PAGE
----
Below are the slides for and the approximate text of a talk I gave at the 2013 MLA convention as part of a panel on “Convergent Histories of the Book: From Manuscript to Digital” organized by Alex Mueller and Mike Johnston. I spoke ex tempore, so my text here won’t precisely line up with what I said at the MLA, but the gist should be the same. I’ve indicated where the slide changes are and after each change have inserted a footnote linking to source and, where available, a link to the image. I’ve also indicated my indebtedness to other scholars, particularly Jeffrey Todd Knight and Adam Smyth, in the notes.
I want to talk today about how early print complicates any trajectory from manuscript to digital, focusing on some common mistaken assumptions that are made about early print. The first assumption we make is that print replaced manuscript, that once the printing press was invented, writing by hand withered away. § continue reading →
It’s been much longer since I’ve written a proper post here than I meant for it to be. In my defense, I’ve been pretty busy over at The Collation, running the show and writing my own contributions. There’s lots of good stuff over there, including a whole world of manuscript exploration that I don’t do here; check out Heather Wolfe’s and Nadia Seiler’s interesting posts if you like that sort of thing (and if you don’t think you do, browse anyway and you’ll learn that you do!). And if you’re looking for advice on using Folger digital resources, like searching Luna and the power of permanent URLs and Mike Poston’s new tool, Impos[i]tor, the tooltips series is for you.
In any case, this post isn’t meant to be an advertisement, but to do a pretty picture penance: sharing some great book images, even if I don’t have the time to talk in any detail about them. § continue reading →
This week in class I showed my students (too briefly) one of my favorite books in the Folger’s collections, a 1483 printing by William Caxton of John Gower’s long poem Confessio amantis, written some hundred years earlier. I do not love this book because of its text—if I confess that I’ve never read the poem, will you hold it against me?—nor because of its author. I think it’s pretty cool that it was printed by Caxton, the man who established printing in England, and of course, there’s always kind of a thrill to any incunabula, but that’s not it either. No, I love this book because of the traces of its later owners, traces that interact with the text, traces that are all about the book but not the text, and traces that seem to have nothing to do with anything.
Here’s one set of marks that are fabulous:
It’s a little hard to see what’s going on, so here’s a detail:
getting rid of the pope
Do you see what the reader has done? § continue reading →
My last post focused on my frustration with the assumption that digitization is primarily about access to text:
But access is not all that digitization can do for us. Why should we limit ourselves to thinking about digital facsimiles as being akin to photographs? Why should we think about these artifacts in terms only of the texts they transmit? Let’s instead think about digitization as a new tool that can do things for us that we wouldn’t be able to see without it. Let’s use digitization not only to access text but to explore the physical artifact.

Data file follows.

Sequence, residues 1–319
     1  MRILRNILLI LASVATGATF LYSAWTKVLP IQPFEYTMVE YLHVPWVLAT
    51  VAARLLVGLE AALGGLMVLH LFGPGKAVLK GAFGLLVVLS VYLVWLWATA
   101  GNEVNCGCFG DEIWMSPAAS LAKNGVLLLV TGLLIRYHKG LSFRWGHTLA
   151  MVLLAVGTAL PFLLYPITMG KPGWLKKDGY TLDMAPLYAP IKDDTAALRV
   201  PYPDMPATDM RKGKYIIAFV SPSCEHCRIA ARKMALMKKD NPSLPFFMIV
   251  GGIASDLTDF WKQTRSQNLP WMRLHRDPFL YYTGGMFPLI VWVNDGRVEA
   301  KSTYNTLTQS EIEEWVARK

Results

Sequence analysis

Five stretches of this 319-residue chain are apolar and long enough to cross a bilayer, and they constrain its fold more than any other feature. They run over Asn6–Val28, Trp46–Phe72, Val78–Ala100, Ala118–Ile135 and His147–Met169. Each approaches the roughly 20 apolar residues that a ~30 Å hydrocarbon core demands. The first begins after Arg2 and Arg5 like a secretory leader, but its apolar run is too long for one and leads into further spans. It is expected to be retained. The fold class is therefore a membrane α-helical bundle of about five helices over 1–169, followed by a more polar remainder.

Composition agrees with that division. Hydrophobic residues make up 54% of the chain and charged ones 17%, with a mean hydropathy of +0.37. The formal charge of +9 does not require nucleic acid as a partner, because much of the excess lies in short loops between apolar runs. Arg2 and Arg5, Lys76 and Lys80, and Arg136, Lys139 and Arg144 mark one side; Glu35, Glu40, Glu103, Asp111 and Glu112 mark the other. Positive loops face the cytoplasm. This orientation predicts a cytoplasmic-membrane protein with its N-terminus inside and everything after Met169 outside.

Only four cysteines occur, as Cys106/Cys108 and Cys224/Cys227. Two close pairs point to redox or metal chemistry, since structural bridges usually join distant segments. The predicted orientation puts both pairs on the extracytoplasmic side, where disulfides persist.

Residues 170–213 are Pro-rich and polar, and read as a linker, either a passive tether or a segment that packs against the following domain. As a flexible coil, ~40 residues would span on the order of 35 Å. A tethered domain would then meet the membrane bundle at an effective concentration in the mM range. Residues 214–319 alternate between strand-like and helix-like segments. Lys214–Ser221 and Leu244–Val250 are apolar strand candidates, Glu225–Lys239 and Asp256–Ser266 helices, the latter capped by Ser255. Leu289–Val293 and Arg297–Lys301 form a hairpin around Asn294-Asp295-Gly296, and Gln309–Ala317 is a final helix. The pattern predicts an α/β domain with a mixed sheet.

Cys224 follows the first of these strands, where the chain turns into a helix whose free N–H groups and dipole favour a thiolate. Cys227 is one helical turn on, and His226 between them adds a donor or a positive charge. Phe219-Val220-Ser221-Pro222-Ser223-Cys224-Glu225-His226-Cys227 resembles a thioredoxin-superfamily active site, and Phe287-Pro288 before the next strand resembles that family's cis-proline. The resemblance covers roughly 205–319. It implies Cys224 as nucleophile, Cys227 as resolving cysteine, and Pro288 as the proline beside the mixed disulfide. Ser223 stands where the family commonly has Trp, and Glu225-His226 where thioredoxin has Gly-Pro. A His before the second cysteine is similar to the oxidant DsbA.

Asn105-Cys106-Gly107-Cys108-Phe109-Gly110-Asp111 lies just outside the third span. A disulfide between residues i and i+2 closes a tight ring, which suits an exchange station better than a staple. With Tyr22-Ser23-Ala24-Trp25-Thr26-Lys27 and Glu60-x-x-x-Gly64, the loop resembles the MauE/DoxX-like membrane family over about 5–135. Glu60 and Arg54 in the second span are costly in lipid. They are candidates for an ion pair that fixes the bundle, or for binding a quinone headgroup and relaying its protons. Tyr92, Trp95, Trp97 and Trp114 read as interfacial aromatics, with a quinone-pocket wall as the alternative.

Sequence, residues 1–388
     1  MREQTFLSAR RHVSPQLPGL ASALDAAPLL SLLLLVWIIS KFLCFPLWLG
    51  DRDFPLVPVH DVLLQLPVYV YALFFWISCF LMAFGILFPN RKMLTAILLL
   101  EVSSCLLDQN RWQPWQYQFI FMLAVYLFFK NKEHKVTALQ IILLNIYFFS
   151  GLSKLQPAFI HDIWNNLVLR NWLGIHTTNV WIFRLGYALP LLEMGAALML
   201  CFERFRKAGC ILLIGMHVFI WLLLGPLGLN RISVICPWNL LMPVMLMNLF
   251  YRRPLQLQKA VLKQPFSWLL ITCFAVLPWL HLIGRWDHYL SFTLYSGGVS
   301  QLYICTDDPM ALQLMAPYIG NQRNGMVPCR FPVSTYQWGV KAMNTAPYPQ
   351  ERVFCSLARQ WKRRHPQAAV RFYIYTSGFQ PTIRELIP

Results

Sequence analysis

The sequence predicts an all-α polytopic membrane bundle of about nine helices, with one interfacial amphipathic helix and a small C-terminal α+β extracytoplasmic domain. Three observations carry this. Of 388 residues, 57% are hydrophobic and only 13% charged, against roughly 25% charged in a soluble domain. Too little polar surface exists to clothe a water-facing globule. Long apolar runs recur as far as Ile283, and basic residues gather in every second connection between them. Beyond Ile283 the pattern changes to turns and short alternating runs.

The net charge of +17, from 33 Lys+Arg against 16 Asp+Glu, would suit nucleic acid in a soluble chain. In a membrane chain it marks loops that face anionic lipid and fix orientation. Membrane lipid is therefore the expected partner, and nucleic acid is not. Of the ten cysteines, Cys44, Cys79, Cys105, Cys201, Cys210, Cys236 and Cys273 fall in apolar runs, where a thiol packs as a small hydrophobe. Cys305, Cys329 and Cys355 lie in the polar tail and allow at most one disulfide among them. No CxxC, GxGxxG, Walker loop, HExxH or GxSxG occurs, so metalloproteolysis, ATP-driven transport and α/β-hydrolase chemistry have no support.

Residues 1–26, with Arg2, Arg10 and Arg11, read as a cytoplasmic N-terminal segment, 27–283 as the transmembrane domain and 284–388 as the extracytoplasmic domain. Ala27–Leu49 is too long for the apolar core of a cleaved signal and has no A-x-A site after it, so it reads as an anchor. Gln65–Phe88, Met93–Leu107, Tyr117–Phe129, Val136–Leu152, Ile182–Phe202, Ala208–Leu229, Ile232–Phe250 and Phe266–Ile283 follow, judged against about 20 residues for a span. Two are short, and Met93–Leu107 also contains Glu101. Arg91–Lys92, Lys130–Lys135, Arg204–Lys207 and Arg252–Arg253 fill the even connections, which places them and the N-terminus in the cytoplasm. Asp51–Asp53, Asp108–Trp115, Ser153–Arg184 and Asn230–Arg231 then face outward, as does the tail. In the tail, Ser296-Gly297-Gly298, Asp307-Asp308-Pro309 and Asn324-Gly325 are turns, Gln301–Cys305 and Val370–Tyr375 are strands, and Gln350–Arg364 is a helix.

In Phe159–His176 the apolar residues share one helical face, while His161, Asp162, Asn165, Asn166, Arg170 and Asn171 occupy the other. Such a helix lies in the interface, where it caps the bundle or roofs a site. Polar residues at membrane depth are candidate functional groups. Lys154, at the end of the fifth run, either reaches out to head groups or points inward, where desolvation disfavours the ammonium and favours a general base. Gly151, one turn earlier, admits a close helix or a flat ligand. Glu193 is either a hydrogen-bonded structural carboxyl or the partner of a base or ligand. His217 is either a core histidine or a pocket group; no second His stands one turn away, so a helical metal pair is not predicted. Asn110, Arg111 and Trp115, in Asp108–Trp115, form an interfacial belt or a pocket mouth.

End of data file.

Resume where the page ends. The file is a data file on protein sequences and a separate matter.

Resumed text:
I spent the remainder of that post brainstorming some suggestions about what digitization might enable other than access to text, and there were some great comments about the ramifications of textualizing the digital that I’m still mulling over. In this post I want to offer some examples of why we might want to look at books rather than digital surrogates as a way of approaching the relationship between digital and physical from another angle. § continue reading →
I’ve been looking at another book that a student was working on. It’s unprepossessing on the outside, just a small, worn brown leather binding, with the remains of ties that have long since disappeared. But the book is much more interesting on the inside. Take a gander at some of the photos I snapped (I did these with my cell phone, so they’re not super high quality, but they’re not too bad either):
The whole book is like this, covered with marginalia. There are manicules, trefoils, asterisks, notes more and less extensive. It’s a seriously used book.
And do you know who used this book so seriously? He inscribed his name right there on the title page:
O rare Ben Jonson! And while Jonson’s book when he used it might seem unprepossessing, later owners certainly valued it for its association and house it accordingly, in its own locked box.
There’s much more to be said about Jonson and his books but I wanted to get these pictures up before they burned a hole in my pocket. § continue reading →
A quick but important announcement first: I am hosting the next early modern edition of Carnivalesque. Please nominate your favorite early modern blog posts by using the Carnivalesque nomination form, commenting here, or by emailing me directly (you can find my email address through my profile). The no-holds-barred Carnival fun and wisdom is scheduled for publication on March 21st, so get me pointed in the right direction now!
And that last bit is my not very subtle transition to the lovely pictures below. I promised my last commenter that I would follow up that great pointing forefinger (or Fonz’s thumb, depending on your tastes) with some more examples. So here’s another great set of pointing fingers, this time complete with fancy ruffles. This is from a 1475 commentary on Aristotle–again, more commentary on commentary, as we saw with the Boethius. Some genres of writing would seem to invite more pointing notes than others.
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